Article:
Window on the West
by Mary Rupert
There’s something different about the mayoral contest this year in Kansas City, Kan. It’s because the contest was shifted from the spring to the fall this year.
While it may seem like city campaigns should be in full swing, in reality, they are just getting started.
The mayoral contest in Kansas City, Kan., is shaping up so far as a two-person race, but it may not stay that way.
On Feb. 6, incumbent Mayor Mark Holland filed for re-election, and challenger David Alvey also filed for mayor. During the past few months, there has been speculation that others are interested in the office, also.
Stopping by the election office on Thursday, Feb. 16, William Crum was told that those two were still the only candidates officially filing for mayor. However, more than a dozen information packets about filing for office have been requested from the election office. That shows some additional interest, with the possibility that others may file. The filing deadline is noon June 1, the primary is in August and the general election is in November.
In the last primary campaign, in spring 2013, five candidates sought the office. The general election was between Holland and Commissioner Ann Murguia, with Holland receiving 56 percent of the vote to Murguia’s 43 percent. Former Commissioner Nathan Barnes was in a close third place in the primary.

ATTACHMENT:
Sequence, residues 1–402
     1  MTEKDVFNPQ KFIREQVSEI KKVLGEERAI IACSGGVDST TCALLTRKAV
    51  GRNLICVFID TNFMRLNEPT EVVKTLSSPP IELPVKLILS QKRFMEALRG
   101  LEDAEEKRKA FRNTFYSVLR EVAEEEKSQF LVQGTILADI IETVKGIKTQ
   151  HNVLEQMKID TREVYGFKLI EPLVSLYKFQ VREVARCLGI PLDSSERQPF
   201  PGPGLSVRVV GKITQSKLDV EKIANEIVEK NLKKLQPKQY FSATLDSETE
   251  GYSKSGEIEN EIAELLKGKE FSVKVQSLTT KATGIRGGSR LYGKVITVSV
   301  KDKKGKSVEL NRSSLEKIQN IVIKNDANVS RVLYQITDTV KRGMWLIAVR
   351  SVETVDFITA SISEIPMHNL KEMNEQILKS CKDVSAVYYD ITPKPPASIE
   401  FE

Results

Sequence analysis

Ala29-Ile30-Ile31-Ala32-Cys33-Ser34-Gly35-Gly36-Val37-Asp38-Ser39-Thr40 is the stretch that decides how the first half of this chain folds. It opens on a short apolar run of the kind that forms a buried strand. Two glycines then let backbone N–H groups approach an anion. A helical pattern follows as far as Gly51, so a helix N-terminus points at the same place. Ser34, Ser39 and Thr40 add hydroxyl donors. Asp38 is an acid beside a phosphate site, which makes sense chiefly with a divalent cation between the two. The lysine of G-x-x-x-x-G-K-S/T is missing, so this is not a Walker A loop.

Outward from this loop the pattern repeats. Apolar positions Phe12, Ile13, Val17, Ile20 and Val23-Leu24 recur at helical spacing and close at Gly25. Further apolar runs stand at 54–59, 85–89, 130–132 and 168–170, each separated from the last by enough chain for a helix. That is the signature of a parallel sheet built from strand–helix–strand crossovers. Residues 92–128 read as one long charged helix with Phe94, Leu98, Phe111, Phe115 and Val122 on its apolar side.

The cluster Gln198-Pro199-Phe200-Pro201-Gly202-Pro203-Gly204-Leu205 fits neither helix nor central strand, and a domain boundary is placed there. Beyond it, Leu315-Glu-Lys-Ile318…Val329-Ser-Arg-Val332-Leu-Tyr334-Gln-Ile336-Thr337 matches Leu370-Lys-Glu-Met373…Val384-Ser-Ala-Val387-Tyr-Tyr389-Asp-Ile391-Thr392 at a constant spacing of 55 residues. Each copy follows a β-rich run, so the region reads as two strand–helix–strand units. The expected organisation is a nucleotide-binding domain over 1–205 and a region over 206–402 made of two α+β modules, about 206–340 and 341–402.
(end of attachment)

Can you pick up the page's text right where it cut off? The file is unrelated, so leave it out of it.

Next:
A frequently mentioned possibility for a mayor’s campaign this year is State Sen. David Haley, D-4th Dist. After a legislative forum on Saturday, Feb. 11, at the Main Kansas City, Kan., Public Library, Haley was asked whether he was going to run this year.
Sen. Haley said he was excited that there would be a vigorous debate, and he was listening closely to what the candidates propose to do. He indicated he would be monitoring the campaign on issues in which he was interested.
“I just want to hear a genuine commitment (from each candidate),” Sen. Haley said. He added he had a solid reputation that could only be diminished by running. However, he did not specifically say he would or would not run for the mayor’s office.
Incumbents traditionally have a large advantage in elections, mostly because they already have good name recognition. Incumbents also can make an announcement about major economic development initiatives, for example.
But the incumbent’s advantage may be smaller this year with election law changes that allow more time between the primary and general elections, formerly just around a month or so, and now about three months. The elections were moved to the fall of the year by a state law change. Instead of a primary in February and an election in March, now there will be a primary in August and a general election in November.
Alvey said last week that he expected the longer election season this year to help him, as it gives him more time to get to know the voters.
While state legislators changed the election timing this year, another issue from the last Kansas City, Kan., campaign hasn’t been changed. At the last election, the election cycle and how it affected Commissioner Nathan Barnes was an issue. In the UG’s election cycle, the 1st District candidate had to give up his UG seat in order to run for mayor, but not the 3rd District candidate. In some other cities, there is a rotation, but here, the 1st District commissioner and about half the commissioners are always running the same year as the mayor. That means a UG commissioner from one of those districts has to give up his seat to run for mayor, while commissioners from other districts do not have to risk as much.
While it may be too late to change it for this election, the issue still needs to be studied again in the future.
To reach Mary Rupert, editor, email email@example.com.